… (more)
LibraryThing member AnneJohnson
Patricia Polacco writes an autobiography of her life in the book, Firetalking. Polacco describes her life and traditions her family had when she was a young girl. She continues on to talk about her life now that she is a grown adult. Polacco describes how she writes and illustrates stories and what a normal day looks like in her life. This was a very interesting book. I did not know it was going to be an autobiography when I first read the title. I liked this book and truly enjoyed learning about her life. One thing I loved was the photographs that were included on each page. Some of the pictures are from her life when she was younger and some are pictures of her now. I thought that was interesting and definitely important to include. Another thing I liked was the way she talked about her friends and family. Polacco says that she incorporates her friends and family in her children’s books. She gave examples of who she included in which book. I thought that was a fun way to allow your audience to get to know you even better. I think it also makes the books better because there are real-life experiences in there that the reader can learn from. The big idea or message in this book was to teach the reader about her life and how far she has come.… (more)
LibraryThing member ccampeaux
this book is about Patricia Polacco's life, from when she was a young girl to her later years. The book talks about her family and her grandparents. This book helped me get to know Polacco better. It also helped me write the bibliography for my author brochure.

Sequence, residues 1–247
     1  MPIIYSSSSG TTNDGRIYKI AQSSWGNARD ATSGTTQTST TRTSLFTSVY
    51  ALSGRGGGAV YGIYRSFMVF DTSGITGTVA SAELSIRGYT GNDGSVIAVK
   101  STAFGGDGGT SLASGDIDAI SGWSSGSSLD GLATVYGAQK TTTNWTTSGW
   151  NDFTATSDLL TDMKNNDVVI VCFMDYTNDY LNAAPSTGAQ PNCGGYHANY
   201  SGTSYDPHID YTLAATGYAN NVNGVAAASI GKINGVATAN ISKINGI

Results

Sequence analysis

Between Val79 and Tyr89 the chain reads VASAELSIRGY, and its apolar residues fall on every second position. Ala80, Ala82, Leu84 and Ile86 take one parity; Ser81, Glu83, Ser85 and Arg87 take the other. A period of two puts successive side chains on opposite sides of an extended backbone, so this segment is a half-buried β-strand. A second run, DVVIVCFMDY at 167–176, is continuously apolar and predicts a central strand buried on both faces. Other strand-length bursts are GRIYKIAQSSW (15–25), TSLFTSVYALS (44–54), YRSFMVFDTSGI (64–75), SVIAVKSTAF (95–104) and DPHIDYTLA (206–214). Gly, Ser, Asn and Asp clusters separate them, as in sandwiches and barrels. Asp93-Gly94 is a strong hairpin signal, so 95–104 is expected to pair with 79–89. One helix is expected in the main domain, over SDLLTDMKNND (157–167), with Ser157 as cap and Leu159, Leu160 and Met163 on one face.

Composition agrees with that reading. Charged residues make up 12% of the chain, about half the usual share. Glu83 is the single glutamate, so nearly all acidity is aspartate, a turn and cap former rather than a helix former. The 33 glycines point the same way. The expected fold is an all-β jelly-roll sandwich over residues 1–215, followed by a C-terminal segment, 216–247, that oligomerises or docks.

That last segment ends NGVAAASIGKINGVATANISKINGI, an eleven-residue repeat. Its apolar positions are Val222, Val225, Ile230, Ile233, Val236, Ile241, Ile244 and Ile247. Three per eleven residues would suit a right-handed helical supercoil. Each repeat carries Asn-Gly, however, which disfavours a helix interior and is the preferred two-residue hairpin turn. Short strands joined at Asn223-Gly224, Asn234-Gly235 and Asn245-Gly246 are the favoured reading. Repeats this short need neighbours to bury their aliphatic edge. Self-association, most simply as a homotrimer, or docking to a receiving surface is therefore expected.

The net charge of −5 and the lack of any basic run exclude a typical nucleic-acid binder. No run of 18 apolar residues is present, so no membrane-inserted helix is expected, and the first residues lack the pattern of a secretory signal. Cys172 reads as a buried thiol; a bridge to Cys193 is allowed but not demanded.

LibraryThing member BTPiglet
I read this book as part of an author study on Patricia Polacco. It was a nice to have the background information. It helped to see the connections between her life and her stories, especially since many of her books are stories based on people and events in her life. She has some photographs in this autobiography that show up as illustrations in some of her books. One thing to note is that this book does not have many features of nonfiction text. There is no table of contents, headings, or an index. This makes seeking out specific information somewhat difficult. It's written more as a narrative but it does cover a pretty broad spectrum of information about her life.… (more)
LibraryThing member aloupe
Firetalking is an autobiography about Patricia Polacco, written by Polacco. This is a good information book if you want to introduce an author. This book was helpful in my paper about Patricia Polacco.
LibraryThing member marabie
Once again Patricia Polacco shares an amazing story with readers, her own. Polacco writes about what inspires her, her own life, her family, her books, her illustrations, and more. This book inspires readers to want to read all of Polacco's books.




(24 ratings; 4.1)